In Crust We Trust

“Strange pie that is almost a passion,
O passion immoral for pie!”

Richard Le Gallienne’s 1899 verse might well explain why I found myself in the Yorkshire cathedral city of Ripon, 230 miles from home on a piercingly bright February day, watching the hustle and bustle of shoppers under a blue sky in the market square.

The previous summer, I’d been in York with an hour to kill. On Lendal, a street just off the main drag of shops where the tourists and shoppers roam, I peered through a shop window, the glint of traditional gilded lettering catching my eye. Taking in the dozens of little pork pies, neatly stacked, I snapped up a couple of these lattice-topped pies for the train journey home.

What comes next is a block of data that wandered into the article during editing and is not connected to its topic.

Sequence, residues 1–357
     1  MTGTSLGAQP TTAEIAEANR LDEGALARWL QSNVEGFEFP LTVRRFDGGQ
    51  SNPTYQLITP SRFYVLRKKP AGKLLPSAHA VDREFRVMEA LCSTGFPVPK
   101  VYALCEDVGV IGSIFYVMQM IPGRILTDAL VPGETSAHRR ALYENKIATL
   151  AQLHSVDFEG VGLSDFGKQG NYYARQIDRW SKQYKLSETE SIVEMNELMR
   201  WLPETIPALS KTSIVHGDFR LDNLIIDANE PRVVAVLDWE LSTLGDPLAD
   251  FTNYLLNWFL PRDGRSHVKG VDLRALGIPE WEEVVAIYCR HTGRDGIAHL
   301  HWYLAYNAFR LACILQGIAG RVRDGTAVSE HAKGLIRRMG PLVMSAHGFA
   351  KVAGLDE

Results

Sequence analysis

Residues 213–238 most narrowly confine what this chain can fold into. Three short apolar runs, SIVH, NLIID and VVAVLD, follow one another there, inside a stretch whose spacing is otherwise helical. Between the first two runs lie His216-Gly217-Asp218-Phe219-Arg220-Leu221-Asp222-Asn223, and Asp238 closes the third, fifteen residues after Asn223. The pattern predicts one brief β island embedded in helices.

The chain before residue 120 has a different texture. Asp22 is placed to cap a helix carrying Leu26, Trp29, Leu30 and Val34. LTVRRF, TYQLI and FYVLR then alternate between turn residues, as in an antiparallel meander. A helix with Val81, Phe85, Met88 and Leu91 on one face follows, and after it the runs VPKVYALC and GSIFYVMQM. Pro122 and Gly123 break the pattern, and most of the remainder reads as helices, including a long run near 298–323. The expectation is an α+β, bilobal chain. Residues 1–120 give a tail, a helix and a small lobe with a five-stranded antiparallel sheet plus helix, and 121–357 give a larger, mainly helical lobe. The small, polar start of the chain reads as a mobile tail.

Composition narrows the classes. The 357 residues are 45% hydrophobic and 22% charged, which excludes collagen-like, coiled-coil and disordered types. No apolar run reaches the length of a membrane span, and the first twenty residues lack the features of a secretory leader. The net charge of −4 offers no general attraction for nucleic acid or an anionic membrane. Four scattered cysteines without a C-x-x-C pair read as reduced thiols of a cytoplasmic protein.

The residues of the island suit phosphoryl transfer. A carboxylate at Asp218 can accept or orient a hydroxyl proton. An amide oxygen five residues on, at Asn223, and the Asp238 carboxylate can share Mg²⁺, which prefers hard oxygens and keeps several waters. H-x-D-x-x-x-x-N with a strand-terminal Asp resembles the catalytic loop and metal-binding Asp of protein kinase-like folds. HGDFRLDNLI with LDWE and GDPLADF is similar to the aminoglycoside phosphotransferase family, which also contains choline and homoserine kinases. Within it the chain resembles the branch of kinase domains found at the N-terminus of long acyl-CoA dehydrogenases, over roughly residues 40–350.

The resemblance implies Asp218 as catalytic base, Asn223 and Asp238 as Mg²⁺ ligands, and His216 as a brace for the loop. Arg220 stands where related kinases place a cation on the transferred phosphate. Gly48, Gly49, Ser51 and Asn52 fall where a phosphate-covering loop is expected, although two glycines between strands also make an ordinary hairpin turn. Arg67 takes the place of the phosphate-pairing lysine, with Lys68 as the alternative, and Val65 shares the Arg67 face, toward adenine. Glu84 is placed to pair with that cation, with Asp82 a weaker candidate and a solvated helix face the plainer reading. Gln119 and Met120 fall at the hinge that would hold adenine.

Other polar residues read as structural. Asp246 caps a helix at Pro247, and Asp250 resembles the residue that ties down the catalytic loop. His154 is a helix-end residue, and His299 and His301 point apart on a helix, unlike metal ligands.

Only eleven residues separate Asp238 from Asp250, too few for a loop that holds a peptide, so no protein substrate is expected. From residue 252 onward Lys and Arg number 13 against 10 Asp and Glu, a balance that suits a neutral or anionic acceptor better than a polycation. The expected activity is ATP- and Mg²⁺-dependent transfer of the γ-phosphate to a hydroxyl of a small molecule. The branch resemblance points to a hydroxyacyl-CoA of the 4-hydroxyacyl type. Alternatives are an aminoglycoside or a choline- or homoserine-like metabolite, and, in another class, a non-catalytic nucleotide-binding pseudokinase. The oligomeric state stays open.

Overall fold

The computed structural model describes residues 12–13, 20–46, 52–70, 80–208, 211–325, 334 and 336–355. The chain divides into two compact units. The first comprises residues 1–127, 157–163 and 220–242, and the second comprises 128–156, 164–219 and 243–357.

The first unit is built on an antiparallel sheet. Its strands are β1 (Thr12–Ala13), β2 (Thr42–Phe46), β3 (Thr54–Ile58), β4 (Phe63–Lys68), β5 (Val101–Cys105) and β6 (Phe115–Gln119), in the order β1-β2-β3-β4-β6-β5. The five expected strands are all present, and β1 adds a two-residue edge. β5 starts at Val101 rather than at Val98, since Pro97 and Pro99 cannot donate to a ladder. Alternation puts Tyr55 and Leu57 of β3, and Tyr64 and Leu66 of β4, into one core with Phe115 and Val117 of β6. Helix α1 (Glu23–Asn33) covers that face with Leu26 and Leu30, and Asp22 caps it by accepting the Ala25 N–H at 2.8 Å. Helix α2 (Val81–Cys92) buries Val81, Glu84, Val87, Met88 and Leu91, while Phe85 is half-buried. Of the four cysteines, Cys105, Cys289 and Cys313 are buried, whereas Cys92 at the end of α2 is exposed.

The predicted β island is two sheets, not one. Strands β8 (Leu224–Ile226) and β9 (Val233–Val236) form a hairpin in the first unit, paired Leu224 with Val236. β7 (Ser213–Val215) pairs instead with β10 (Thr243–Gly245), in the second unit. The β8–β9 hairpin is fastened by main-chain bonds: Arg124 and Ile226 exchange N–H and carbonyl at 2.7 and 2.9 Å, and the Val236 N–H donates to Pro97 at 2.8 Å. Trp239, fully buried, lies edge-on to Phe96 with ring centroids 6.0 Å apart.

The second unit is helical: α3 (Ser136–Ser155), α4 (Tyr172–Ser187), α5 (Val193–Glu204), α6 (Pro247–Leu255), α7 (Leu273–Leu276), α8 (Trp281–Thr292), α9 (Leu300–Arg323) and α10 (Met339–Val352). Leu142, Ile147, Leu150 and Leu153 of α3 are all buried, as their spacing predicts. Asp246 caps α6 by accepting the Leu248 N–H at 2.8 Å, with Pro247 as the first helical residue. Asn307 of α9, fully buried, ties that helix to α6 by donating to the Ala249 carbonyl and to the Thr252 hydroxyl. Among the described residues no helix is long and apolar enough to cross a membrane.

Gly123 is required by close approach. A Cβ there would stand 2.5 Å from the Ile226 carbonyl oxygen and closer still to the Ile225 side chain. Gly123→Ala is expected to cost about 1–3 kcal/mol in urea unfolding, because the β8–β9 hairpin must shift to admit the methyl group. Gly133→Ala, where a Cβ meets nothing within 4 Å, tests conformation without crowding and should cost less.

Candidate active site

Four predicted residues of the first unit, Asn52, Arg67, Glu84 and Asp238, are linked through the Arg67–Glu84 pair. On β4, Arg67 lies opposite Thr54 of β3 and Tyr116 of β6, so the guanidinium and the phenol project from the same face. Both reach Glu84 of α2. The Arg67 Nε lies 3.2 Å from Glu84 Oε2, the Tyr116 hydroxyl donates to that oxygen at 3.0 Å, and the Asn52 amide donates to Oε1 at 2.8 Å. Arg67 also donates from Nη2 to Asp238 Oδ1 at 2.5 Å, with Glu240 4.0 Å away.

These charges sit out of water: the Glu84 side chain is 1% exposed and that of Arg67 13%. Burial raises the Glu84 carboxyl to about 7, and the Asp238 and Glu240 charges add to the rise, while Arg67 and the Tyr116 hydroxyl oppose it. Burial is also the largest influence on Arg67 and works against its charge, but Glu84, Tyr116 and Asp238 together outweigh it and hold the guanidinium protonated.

As soon as I bit into one, I immediately wished I’d bought half a dozen more. Trying not to shed crumbs on the train table, I felt transported by the crisp, light shards of pastry, tender pork and soft, juicy jelly. These elusive pork pies are what led me to Ripon six months later, to Appleton’s, the traditional pork butchers which have been selling them since 1867…

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